She had been messaging her friend about the cover art. He had told her he would let her see it as soon as it’s done. A month before the book is due out, an author emails her and asks why she changed the title. What? She didn’t change the title. He says it’s on the cover advertisement on the publisher’s website. She goes to the publisher’s website and sure enough, not only is the cover art (which she still hadn’t seen) been made public, but so has a new title that was never even mentioned to her. The editor is beside herself. Why wouldn’t they have even mentioned that they considered changing the title to her? The anthology is all her’s: her idea, her editing, and they’d signed it with no discussion of a name change. So the editor thinks maybe she’s overreacting and emails the Editor of all editors, Ellen Datlow. She asks if this is standard practice, without mentioning any names, and Ellen assures her that no, this is not done, and it’s rude in the extreme. So our editor messages her friend, who gets downright snotty with her and tells her he doesn’t have time for her attitude. That he was out of town and didn’t know the other guy was going to release the cover art. But he did know about the name change and when our editor states that it would have been common courtesy to have the name changing conversation with her, he suggests they just drop the anthology and not publish it if it’s such a big deal. She agrees. (I mean, she’s having doubts anyway) and states that she thinks it’s best to pull her other anthology also. Her “friend” says “fine,” and BLOCKS her. Yep, you read that right. He blocked her, because that’s professional behavior. No, let’s reconsider what’s going on here after we both calm down. No, we are adults and should be able to work through things. And then he fires off emails to all of the anthology authors saying the anthologies have been cancelled due to “creative differences.” And our editor emails those authors as well and continues the use of “creative differences.” Because, well, what would have been the use in telling the whole story? It’s he said/she said anyway. And she didn't want to be blacklisted as an editor, or labeled “hard to work with,” because she has high quality standards and expects courteous treatment. And so our editor has no further contact with the company.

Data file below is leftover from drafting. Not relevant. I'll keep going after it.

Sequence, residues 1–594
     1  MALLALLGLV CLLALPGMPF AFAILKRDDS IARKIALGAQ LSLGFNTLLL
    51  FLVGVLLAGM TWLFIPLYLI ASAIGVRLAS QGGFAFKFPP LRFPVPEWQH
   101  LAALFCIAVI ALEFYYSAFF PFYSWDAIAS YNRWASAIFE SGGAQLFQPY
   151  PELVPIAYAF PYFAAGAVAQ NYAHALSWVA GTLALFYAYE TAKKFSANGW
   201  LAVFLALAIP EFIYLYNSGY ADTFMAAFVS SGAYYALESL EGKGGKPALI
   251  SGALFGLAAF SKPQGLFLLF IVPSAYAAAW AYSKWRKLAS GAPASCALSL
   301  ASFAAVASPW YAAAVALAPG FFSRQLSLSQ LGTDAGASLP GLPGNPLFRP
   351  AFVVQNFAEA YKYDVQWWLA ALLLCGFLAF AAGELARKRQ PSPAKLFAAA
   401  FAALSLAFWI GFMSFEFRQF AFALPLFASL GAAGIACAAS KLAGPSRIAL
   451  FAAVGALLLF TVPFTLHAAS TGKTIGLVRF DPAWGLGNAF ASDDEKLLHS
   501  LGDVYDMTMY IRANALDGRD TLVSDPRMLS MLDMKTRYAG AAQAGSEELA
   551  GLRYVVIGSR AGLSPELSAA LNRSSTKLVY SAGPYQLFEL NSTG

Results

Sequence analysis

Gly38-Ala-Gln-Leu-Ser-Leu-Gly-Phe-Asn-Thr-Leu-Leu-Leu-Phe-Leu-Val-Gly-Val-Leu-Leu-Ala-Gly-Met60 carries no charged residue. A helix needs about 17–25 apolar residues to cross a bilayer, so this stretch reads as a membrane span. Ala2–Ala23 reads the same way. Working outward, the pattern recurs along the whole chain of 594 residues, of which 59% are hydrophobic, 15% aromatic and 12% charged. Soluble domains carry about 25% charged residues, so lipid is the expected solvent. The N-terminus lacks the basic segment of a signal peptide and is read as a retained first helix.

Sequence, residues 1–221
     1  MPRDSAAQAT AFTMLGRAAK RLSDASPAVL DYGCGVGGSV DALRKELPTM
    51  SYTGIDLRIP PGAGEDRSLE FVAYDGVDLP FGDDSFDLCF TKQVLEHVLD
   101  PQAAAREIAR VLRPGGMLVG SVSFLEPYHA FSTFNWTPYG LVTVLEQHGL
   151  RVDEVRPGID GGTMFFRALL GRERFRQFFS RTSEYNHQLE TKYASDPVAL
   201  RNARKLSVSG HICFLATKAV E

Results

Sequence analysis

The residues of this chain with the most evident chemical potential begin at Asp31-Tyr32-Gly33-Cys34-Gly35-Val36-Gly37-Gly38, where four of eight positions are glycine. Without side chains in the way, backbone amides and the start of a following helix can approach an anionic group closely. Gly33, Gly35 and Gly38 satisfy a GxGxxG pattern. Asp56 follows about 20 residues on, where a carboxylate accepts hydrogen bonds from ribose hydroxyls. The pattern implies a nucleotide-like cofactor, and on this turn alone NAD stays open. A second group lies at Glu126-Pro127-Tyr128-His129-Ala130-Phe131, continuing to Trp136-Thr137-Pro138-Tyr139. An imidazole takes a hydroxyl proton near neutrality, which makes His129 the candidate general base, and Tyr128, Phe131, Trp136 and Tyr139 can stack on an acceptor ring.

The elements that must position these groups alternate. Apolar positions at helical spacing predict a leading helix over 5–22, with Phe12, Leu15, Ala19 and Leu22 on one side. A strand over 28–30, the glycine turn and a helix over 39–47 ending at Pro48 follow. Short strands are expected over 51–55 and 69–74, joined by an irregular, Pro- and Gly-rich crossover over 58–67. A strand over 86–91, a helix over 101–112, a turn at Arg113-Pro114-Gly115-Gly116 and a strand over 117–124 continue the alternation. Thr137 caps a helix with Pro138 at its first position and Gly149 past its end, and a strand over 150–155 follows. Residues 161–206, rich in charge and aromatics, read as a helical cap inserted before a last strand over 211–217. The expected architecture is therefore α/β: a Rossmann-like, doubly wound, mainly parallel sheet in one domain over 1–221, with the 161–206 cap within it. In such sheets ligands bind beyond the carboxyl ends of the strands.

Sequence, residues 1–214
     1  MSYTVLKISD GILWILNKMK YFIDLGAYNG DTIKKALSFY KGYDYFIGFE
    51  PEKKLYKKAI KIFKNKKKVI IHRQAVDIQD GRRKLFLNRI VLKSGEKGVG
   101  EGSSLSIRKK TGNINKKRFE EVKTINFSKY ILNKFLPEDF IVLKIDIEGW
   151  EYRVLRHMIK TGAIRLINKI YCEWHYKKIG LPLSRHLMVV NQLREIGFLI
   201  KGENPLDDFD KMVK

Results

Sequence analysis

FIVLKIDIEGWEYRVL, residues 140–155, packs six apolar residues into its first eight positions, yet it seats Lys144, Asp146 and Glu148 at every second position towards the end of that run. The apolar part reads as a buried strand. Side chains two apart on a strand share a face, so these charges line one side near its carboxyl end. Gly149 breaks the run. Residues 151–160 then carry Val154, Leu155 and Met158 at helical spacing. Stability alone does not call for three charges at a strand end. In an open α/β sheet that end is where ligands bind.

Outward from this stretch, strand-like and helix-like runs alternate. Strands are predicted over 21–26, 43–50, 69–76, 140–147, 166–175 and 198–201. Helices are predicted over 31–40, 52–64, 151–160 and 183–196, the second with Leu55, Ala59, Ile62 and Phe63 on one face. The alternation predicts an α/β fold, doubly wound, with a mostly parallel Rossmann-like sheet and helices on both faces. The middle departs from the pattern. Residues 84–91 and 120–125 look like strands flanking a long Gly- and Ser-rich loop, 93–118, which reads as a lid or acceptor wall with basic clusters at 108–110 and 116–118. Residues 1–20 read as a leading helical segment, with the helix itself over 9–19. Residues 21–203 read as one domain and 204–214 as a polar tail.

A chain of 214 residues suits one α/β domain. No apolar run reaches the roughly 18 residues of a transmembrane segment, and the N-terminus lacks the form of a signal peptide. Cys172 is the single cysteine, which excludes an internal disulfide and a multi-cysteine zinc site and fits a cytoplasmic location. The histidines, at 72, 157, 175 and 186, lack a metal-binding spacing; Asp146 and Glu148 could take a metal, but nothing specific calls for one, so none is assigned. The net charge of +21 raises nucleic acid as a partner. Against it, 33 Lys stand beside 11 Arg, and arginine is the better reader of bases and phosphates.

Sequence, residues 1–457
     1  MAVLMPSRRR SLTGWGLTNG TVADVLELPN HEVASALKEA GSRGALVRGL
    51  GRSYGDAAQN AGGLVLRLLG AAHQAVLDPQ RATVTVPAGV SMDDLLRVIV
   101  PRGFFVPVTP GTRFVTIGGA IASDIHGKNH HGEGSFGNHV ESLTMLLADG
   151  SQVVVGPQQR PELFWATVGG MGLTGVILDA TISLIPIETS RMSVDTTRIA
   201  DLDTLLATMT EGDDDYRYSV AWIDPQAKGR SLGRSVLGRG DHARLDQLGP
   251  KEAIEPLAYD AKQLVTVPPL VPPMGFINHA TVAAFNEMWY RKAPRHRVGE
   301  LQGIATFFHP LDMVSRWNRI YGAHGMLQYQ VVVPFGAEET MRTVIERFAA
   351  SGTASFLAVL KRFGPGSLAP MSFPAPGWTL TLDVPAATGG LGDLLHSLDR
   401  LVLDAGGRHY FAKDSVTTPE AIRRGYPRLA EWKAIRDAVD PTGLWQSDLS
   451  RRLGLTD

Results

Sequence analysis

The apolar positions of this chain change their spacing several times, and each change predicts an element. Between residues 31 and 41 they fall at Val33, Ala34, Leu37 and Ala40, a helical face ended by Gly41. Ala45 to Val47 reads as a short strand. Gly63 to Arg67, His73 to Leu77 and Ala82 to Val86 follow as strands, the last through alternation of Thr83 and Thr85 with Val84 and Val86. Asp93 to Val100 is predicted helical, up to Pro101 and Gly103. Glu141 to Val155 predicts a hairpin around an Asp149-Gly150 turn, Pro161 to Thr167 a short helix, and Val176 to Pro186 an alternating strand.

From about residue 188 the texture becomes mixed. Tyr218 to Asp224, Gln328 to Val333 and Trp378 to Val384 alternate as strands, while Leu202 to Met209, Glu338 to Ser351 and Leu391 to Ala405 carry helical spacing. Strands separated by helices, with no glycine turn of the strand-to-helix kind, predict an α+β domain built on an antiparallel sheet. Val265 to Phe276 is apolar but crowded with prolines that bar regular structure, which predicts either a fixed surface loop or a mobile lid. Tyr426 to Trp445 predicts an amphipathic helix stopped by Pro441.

Why am I telling this story now? Because the other authors have had enough. Because they want to tell their story and mine coincides with theirs. And because I feel responsible for pulling them into this mess in the first place. And to all the other authors who worked with me and thus thought these might be good guys based on my recommendation.I'm sorry, people. Apparently I am not a good judge of character.You can read Allison M. Dickson's blog post on the subject here. And CW LaSart's here.